Having just finished Knife Music in book format I jumped over to the CD version of The Big Exit. I found both books excellent stories. I like the intermingling of characters in both books. I enjoyed the mystery of each story. If you are looking for a great Beach Read...this is IT!
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on October 23, 2012
This sorta-sequel to Carnoy's earlier "Knife Music" reunites detective Hank Madden and attorney Carolyn Dupuy as they take on an all-new murder case. This time, the accused is Sinatra impersonator (and ex-con) Richie Forman, who's implicated in the brutal slaying of a Bay Area tech entrepreneur. While "Knife Music" was a great debut novel, this one feels leaner and more focused. It's also less confusing (no alternating between flashbacks and "now") and -- thanks to the presence of tech blogger/muckraker Tom Bender -- has some refreshing scenes of wry humor that were missing from the earlier book.

All in all, this is a breezy and entertaining mystery that will appeal to fans of Michael Connelly, Dennis Lehane, and Harlan Coben.
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on December 18, 2012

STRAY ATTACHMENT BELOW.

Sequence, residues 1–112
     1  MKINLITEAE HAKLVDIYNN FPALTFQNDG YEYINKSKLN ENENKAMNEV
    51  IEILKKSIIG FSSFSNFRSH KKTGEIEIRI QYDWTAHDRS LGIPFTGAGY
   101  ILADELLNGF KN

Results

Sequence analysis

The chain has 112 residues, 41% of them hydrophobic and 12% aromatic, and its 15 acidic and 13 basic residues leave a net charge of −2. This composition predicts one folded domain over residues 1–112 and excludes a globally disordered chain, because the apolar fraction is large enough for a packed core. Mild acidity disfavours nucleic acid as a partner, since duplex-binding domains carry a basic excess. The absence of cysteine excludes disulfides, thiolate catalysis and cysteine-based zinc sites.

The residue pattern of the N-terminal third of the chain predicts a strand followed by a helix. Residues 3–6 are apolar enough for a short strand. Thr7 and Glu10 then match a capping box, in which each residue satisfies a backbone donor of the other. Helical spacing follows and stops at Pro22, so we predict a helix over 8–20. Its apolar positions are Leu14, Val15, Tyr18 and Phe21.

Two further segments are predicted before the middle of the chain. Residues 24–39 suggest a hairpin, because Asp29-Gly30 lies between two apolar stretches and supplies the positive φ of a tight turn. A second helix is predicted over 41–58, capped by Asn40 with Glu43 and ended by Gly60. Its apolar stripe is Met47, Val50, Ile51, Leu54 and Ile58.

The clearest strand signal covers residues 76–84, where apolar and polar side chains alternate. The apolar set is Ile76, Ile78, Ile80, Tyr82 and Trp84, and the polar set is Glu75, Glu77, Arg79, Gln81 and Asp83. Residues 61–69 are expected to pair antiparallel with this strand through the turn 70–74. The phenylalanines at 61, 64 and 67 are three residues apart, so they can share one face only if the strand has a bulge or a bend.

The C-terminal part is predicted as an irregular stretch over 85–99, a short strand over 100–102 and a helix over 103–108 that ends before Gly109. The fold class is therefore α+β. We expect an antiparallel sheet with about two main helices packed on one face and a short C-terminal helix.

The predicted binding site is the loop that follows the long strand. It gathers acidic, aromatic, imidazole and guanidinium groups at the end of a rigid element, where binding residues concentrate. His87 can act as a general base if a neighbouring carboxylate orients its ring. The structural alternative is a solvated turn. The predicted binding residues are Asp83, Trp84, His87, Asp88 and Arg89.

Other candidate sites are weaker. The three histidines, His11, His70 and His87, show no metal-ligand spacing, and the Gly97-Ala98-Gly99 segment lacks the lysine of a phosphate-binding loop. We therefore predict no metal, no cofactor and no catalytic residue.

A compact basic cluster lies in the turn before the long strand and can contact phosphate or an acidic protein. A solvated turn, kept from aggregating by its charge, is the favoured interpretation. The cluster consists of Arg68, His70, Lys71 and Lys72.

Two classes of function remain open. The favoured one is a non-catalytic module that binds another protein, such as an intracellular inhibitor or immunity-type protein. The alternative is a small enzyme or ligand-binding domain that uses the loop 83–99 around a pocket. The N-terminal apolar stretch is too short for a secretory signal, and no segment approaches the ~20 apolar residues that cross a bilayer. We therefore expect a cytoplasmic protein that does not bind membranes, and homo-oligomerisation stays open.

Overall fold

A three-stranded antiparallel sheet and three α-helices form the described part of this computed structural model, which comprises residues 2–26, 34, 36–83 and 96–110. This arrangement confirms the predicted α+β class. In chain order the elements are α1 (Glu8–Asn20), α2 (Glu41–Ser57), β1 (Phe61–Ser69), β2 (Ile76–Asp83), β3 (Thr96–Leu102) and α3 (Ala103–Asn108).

David Carnoy keeps you guessing in this intriguing crime novel. The characters are all interesting and pretty well-drawn, but could have used more back-story to fill them out and make them truly three-dimensional. However, it's the pace and development of the story that keep you attached until the ending you don't see coming. Very good read.
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on April 5, 2013
Alluding to the bells and whistles of today's technologies while developing a good variety of characters with appropriate depth in a twisted mystery.
Will look for more offerings from this author.
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on February 6, 2013
Carnoy had me at the first page - a transcript of a 911 call. I flew through this book in a couple of days, after starting and ultimately not bothering with about a dozen others who tried to do what Carnoy did but couldn't pull it off. Great characters, smooth, unobtrusive narration with just the right amount of ironic, clever asides to enjoy and linger over. I know nothing about Silicon Valley and hi-tech, so that was a treat too. This story was really well crafted. It delivered on all it's promises. I will most definitely be reading Knife Music by the same author.